Comments from Joe Vogel

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Joe Vogel
Joe Vogel commented about La Tosca Theatre on Dec 14, 2017 at 8:03 pm

The current Google street view shows that La Tosca has now been demolished. The theater and adjacent buildings have been replaced by an apartment complex, a photo of which can be seen at the top of this web page.

As the apartments have already begun leasing, the demolition of the theater must have taken place quite some time ago, perhaps more than a year, but I haven’t been able to find out anything about the event on the Internet. I guess L.A.’s news media just weren’t interested.

Joe Vogel
Joe Vogel commented about Elmwood Theatre on Dec 14, 2017 at 11:04 am

chronicler: Thanks for the response and additional information. The mis-attribution of some of Dufour’s work to Cornelius has me wondering if the Rialto Theatre (first Alameda Theatre) in Alameda might also be mis-attributed. Cinema Treasures lists Cornelius as the architect of the Rialto, but the facade bears a strong resemblance to the Elmwood’s, and I can easily picture them being the work of the same designer.

There is a scan of an architect’s sketch of the Alameda on the Rialto’s photo page, but it has no name on it, nor is the source of the photo given, though it is probably from either a theater trade journal or one of the architectural journals of the period. I’ll see if I can find it on the Internet.

Joe Vogel
Joe Vogel commented about Colorado Theatre on Dec 12, 2017 at 9:07 pm

Actually, the photo just uploaded by DavidZornig does show the Colonial’s sign, in the distant left, just beyond the much larger sign of the Empress, but it is so pale that I doubt anybody could read it if they didn’t already know that it said Colonial.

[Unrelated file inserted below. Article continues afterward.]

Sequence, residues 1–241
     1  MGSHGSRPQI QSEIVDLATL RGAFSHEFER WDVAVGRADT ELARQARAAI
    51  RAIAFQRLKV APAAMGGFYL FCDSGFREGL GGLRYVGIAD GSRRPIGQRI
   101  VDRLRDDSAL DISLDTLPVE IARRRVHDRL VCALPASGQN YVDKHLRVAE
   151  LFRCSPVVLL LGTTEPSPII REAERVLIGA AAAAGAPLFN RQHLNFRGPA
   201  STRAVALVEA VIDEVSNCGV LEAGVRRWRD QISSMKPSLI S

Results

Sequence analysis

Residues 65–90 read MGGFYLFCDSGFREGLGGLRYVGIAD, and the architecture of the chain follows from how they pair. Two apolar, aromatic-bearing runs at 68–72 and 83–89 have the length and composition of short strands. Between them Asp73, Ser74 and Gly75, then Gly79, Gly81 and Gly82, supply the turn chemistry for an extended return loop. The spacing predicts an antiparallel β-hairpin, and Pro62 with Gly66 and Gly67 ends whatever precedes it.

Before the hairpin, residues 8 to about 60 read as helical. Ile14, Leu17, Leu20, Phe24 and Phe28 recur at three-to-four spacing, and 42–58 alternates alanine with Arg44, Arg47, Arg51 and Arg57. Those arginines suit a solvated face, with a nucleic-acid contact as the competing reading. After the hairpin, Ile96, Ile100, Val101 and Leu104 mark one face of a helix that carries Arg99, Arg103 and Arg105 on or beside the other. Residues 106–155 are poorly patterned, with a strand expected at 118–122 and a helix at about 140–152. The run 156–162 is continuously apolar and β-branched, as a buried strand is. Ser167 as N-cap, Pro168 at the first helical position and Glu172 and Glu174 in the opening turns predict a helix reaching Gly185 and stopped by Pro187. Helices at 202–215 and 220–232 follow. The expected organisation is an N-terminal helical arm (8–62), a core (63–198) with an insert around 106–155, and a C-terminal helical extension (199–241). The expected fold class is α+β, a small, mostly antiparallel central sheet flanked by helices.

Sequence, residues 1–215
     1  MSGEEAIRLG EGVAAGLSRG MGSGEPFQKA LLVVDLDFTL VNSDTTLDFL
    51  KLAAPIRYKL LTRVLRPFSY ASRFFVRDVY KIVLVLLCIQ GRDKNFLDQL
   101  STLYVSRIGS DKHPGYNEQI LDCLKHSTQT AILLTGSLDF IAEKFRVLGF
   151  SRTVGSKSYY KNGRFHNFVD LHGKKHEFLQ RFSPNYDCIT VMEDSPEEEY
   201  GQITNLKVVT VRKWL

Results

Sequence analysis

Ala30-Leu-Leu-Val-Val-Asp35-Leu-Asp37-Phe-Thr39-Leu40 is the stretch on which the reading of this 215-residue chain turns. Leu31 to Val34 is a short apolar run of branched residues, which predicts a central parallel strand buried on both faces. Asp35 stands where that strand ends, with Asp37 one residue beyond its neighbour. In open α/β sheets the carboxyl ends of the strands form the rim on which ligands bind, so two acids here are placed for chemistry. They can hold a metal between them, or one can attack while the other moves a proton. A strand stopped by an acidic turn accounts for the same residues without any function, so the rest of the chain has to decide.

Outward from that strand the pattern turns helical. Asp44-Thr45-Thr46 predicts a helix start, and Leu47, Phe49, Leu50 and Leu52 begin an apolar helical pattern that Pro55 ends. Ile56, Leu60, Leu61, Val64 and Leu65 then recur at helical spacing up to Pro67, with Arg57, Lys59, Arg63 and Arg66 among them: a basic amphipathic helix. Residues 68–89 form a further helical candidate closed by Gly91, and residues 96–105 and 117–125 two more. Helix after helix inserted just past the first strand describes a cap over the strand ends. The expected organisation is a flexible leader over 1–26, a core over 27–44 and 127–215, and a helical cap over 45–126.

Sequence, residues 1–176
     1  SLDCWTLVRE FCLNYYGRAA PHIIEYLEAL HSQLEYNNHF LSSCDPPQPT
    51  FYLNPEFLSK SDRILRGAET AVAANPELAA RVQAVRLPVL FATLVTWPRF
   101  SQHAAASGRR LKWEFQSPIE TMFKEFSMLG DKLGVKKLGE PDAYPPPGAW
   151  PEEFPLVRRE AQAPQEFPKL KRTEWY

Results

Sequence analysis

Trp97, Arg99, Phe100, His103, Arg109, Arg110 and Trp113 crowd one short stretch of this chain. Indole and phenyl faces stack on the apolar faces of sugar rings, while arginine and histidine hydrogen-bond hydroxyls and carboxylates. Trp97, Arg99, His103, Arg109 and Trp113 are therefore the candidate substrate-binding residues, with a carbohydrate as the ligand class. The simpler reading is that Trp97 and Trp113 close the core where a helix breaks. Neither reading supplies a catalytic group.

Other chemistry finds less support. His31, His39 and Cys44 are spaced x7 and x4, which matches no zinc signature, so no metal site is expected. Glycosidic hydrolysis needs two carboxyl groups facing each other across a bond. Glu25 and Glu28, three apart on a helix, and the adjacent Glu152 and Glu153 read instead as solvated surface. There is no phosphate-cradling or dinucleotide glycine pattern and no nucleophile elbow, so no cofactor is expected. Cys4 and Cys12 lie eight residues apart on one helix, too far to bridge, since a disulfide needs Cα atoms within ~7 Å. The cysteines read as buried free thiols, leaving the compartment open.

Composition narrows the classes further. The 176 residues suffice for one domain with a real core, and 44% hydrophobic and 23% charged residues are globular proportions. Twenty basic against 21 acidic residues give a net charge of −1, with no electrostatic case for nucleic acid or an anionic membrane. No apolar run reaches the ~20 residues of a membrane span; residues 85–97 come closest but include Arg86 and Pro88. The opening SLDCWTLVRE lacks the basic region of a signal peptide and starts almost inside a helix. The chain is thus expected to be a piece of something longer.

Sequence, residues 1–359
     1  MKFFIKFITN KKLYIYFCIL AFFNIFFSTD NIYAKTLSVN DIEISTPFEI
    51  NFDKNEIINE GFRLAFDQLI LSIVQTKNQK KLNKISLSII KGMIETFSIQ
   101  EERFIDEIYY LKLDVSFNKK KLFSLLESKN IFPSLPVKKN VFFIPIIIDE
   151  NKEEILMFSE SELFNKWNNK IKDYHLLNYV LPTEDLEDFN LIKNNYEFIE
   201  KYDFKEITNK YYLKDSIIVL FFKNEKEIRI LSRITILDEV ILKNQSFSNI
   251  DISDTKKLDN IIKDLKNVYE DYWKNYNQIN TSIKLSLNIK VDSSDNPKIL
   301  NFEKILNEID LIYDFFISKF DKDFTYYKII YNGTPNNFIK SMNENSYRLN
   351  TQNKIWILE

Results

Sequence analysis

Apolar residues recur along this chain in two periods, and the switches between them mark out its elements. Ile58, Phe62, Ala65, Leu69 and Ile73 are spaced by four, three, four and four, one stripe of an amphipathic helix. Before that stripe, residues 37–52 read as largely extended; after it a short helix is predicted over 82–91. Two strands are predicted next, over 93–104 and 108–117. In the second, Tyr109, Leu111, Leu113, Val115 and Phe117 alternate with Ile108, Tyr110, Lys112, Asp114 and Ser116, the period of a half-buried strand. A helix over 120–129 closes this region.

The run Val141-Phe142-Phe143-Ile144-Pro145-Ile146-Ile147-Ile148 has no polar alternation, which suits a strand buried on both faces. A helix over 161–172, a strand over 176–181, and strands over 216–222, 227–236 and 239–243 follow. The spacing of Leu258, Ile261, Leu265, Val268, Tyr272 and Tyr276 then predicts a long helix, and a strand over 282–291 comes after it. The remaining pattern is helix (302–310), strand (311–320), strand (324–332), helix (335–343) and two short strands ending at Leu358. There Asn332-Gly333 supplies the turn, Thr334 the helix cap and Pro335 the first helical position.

Joe Vogel
Joe Vogel commented about Colorado Theatre on Dec 12, 2017 at 9:03 pm

All but one of the photos currently on this theater’s photo page show the Tabor Grand Opera House during the 1920s, when it was called the Colorado Theatre.

This far smaller house at 1629 Curtis was called the Colonial Theatre. Some time after the Tabor Grand returned to its original name, which was around 1930, the Colonial was renamed the Colorado. This had been done by 1933, but I’ve been unable to discover exactly when.

The Colonial Theatre was in operation by 1916, when it was one of the eight theaters then located on the two-block stretch of Curtis Street between Fifteenth and Seventeenth Street that were mentioned by name in the July 15 issue of The Moving Picture World.

The one photo we currently have that depicts the Colonial is the one uploaded by Ron Pierce on March 30, 2015. It is an evening shot of Curtis Street with the illuminated vertical signs of all the theaters blazing, including, in the distance, the “Colorado” vertical on the Tabor Grand. The Colonial is in the right foreground, next door to the Empress and across the street from the Strand.

Joe Vogel
Joe Vogel commented about Guild Theatre on Dec 11, 2017 at 4:44 pm

The Pine Grove Theatre opened in 1915, and the April 17 issue of Motography provided this effusive description of the new house:

“New Hamburger House The new Pine Grove theater on Sheridan road near Broadway, Chicago, which opened its doors under the direction of Alfred Hamburger on Saturday, represents the last word in ideal surroundings for the showing of moving pictures, and is the tenth property of this class under Hamburger direction in Chicago. No theatrical structure here represents more leisurely care in building, or more attention in detail of comfort, or cost for elegance of surroundings. Julius Born, the owner, has taken two years to materialize his ideals in this fine and substantial investment befitting the neighborhood in which it is located. The lighting effects on Sheridan Road are distinctive and a crystal kiosk in front is something new in illuminated placarding of attractions.